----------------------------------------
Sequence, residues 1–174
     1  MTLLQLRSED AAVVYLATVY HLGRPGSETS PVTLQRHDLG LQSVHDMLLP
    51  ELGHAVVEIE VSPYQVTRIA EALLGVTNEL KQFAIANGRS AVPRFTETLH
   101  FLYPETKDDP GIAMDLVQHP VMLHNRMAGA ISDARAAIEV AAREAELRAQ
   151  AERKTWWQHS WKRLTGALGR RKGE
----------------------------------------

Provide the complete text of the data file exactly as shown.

Sequence, residues 1–174
     1  MTLLQLRSED AAVVYLATVY HLGRPGSETS PVTLQRHDLG LQSVHDMLLP
    51  ELGHAVVEIE VSPYQVTRIA EALLGVTNEL KQFAIANGRS AVPRFTETLH
   101  FLYPETKDDP GIAMDLVQHP VMLHNRMAGA ISDARAAIEV AAREAELRAQ
   151  AERKTWWQHS WKRLTGALGR RKGE